Introduction: In 2009, the French took command of the Medical Hospital (MH) or Role 3 Hospital at KaIA (Kabul International Airport) within the framework of its role in the military mission Operation Pamir in Afghanistan. The goal of this study was to analyze the volume of orthopedic surgical activity for the last four years, to identify its specificities and to improve training of military orthopedic surgeons.
Hypothesis: Orthopedic surgery is the most important activity in the field and surgeons must adapt to situations and injuries that are different from those encountered in France.
Patients and methods: All patients operated on between July 2009 and June 2013 were prospectively included in an electronic database. The analysis included the number of surgical acts and patients, the types of injuries and the surgical procedures.
Results: Forty-three percent (n=1875) of 4318 procedures involved orthopedic surgery. Half of these were emergencies. French military personnel represented 17% of the patients, local civilians 47% and children 17%. Half of the procedures involved the soft tissues, 20% were for bone fixation and 10% for surgery of the hand. The rate of amputation was 6%. The diversity of the surgical acts was high ranging from emergency surgery to surgical reconstruction.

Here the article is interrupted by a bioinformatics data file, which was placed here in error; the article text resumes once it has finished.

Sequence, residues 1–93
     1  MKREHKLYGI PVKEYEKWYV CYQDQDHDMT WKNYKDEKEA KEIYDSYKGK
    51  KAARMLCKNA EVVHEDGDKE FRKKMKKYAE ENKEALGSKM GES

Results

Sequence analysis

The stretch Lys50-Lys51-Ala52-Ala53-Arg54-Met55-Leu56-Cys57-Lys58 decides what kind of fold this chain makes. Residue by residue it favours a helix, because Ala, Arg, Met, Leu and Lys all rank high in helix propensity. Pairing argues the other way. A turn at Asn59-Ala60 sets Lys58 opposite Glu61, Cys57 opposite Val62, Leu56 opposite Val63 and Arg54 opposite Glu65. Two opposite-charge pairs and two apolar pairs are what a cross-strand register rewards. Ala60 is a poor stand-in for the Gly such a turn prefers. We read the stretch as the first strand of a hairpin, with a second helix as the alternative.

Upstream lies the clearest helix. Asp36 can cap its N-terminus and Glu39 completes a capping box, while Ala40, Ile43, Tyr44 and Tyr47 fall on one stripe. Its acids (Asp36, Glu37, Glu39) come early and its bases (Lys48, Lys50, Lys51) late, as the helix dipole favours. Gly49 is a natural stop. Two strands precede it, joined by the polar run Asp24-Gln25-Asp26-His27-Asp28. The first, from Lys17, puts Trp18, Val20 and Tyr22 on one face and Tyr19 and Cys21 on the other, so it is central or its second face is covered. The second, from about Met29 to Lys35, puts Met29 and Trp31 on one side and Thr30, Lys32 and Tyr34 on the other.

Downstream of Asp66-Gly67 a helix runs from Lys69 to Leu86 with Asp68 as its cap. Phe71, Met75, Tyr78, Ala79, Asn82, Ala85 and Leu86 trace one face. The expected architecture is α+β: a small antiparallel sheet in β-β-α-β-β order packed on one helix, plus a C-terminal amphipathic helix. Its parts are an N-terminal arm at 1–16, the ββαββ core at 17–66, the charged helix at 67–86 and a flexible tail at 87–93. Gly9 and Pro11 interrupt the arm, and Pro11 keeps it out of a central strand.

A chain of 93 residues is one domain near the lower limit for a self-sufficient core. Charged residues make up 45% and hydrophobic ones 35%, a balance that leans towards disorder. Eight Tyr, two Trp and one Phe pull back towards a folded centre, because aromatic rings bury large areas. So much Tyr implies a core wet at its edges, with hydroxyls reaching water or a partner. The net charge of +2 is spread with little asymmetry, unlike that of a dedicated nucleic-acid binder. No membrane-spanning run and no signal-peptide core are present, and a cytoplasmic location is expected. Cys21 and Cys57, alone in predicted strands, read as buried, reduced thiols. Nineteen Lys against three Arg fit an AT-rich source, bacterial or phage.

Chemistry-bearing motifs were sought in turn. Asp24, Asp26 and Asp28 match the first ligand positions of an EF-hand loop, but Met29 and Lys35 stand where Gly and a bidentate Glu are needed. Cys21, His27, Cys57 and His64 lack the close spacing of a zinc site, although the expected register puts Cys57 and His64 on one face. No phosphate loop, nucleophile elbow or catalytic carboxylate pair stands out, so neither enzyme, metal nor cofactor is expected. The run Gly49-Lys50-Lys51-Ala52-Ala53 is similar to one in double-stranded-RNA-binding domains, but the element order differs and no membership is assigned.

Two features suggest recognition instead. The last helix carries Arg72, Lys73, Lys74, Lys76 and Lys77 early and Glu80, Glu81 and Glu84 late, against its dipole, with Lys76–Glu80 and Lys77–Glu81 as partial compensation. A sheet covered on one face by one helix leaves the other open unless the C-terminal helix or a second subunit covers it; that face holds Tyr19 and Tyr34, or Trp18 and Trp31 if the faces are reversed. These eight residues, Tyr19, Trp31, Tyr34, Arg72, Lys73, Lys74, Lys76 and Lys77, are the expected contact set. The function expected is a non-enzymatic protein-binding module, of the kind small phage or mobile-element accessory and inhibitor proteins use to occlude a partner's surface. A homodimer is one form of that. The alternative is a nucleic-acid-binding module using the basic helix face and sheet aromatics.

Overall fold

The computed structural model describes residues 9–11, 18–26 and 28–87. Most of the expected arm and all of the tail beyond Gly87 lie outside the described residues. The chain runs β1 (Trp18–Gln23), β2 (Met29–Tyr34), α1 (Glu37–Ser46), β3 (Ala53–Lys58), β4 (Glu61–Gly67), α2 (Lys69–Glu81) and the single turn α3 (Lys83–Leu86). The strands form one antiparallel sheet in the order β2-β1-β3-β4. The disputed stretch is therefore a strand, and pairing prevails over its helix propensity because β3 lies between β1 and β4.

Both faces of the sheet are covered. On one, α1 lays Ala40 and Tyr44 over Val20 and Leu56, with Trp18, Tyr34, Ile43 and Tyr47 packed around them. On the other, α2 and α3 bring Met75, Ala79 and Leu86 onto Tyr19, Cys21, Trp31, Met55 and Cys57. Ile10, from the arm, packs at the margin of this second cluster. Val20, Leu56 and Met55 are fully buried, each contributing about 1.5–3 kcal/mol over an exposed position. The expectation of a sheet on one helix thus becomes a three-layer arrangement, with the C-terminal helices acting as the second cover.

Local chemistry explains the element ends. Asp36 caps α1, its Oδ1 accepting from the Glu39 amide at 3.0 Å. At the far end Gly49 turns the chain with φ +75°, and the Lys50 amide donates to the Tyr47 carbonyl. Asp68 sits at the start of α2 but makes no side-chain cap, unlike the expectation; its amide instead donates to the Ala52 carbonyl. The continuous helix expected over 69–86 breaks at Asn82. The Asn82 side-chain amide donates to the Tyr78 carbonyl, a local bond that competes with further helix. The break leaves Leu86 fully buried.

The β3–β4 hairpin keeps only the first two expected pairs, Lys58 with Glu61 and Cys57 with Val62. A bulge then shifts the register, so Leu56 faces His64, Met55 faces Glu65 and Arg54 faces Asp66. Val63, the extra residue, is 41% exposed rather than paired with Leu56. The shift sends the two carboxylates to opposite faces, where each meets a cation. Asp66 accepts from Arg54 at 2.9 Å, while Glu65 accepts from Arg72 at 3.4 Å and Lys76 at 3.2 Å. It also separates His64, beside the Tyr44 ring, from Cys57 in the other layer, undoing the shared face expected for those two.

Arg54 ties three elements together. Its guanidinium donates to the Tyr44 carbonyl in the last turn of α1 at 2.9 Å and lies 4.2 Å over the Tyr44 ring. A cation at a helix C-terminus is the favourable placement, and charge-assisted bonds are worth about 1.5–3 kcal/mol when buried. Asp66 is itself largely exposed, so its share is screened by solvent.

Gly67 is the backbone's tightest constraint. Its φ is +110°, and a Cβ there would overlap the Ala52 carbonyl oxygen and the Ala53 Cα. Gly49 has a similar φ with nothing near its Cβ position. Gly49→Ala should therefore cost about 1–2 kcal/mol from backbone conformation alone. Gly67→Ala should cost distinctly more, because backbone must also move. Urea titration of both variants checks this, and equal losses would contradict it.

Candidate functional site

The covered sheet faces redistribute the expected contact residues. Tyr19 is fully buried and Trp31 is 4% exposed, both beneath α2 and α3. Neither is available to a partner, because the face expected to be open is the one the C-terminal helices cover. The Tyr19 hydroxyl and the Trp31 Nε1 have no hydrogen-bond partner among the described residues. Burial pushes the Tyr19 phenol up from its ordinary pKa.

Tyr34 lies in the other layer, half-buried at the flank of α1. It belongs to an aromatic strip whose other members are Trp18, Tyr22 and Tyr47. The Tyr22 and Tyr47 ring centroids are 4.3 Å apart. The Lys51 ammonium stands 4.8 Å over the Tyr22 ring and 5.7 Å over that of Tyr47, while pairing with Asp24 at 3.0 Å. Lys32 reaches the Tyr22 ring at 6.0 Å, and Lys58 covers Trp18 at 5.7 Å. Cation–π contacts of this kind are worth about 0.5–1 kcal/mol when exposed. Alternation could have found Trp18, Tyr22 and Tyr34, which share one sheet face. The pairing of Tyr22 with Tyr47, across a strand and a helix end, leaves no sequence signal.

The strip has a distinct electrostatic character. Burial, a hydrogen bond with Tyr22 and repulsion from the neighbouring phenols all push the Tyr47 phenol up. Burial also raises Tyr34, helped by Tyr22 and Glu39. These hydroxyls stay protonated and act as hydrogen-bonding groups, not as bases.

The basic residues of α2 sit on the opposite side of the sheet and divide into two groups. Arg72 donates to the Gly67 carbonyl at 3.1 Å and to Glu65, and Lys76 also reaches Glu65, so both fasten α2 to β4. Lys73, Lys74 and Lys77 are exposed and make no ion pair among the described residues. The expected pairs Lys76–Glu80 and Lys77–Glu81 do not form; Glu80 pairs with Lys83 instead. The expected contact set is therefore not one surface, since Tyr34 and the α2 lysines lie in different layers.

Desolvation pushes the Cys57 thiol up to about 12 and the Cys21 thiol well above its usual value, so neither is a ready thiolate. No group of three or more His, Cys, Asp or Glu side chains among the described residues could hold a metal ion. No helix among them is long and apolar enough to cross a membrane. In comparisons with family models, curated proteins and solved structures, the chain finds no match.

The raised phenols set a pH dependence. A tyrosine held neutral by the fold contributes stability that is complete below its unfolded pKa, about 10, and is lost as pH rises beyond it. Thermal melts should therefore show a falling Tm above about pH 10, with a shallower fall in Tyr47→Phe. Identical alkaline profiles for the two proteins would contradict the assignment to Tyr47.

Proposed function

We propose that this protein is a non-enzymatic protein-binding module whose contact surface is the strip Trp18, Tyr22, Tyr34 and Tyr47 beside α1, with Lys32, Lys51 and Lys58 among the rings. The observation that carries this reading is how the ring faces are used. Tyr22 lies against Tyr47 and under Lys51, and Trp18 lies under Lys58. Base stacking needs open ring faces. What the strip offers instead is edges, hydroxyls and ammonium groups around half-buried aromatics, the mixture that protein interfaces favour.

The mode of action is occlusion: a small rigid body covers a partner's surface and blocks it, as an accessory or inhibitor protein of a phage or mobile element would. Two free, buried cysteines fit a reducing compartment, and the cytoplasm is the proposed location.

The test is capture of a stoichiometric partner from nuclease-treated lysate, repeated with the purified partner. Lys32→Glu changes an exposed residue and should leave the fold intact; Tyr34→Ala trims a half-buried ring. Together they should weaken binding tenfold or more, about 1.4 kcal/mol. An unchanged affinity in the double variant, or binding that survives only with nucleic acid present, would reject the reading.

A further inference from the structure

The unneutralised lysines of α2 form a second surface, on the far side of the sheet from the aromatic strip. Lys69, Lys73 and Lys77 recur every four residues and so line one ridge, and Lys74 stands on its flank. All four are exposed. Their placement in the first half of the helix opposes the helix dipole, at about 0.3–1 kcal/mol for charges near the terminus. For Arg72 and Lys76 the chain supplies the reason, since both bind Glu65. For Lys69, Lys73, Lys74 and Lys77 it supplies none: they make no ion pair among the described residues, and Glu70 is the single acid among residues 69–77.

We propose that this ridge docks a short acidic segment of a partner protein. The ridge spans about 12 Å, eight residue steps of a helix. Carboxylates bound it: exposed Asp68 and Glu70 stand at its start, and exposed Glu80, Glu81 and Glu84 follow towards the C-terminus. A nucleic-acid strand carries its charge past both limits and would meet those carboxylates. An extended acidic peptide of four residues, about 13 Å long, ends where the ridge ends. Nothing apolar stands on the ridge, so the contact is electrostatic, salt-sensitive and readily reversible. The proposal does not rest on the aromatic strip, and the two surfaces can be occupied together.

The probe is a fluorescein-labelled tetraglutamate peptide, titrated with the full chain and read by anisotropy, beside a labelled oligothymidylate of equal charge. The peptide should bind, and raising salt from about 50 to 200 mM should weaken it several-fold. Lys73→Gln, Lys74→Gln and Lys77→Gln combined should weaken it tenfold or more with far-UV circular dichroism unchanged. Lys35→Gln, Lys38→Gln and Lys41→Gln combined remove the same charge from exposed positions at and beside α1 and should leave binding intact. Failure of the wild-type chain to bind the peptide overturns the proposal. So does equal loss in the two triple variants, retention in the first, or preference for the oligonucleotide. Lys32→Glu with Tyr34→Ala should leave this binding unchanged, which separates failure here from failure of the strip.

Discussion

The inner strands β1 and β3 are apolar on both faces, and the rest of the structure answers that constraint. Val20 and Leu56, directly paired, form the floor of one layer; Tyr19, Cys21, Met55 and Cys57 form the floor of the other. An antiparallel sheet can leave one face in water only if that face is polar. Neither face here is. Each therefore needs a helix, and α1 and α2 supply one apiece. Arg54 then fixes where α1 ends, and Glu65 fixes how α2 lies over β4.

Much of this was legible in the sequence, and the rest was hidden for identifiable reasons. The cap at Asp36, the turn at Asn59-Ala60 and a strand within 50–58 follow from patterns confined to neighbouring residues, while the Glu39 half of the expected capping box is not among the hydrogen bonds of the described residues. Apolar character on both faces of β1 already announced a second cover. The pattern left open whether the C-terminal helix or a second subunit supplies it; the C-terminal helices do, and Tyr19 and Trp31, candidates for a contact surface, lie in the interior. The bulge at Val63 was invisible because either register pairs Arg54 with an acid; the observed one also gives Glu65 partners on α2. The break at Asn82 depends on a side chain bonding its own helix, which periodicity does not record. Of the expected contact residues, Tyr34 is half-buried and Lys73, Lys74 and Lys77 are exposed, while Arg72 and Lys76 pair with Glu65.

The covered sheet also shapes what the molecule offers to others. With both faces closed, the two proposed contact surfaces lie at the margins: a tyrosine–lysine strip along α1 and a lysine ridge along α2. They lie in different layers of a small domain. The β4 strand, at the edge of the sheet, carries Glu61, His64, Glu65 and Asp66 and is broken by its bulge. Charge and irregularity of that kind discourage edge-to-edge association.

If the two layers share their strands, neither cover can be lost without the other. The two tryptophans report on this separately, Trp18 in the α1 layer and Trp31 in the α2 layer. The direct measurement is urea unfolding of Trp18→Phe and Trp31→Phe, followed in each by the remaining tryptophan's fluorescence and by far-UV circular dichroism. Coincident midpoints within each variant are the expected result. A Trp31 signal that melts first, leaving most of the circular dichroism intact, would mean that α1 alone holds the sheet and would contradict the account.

Discussion: The activity of this Role 3 facility is comparable to that of other Role 3 facilities in Afghanistan, with an important percentage of acts involving medical assistance to the local population and scheduled surgeries as well as primary and/or secondary management of the wounded. The diversity of surgical acts confirms the challenge of training military orthopedic surgeons within the context of the hyperspecialization of the civilian sector. Specific training has been organized in France by the École du Val de Grâce. Specific continuing education is also necessary.
Level of evidence: IV (retrospective review).
Keywords: Afghanistan; Education; Orthopedics; War.
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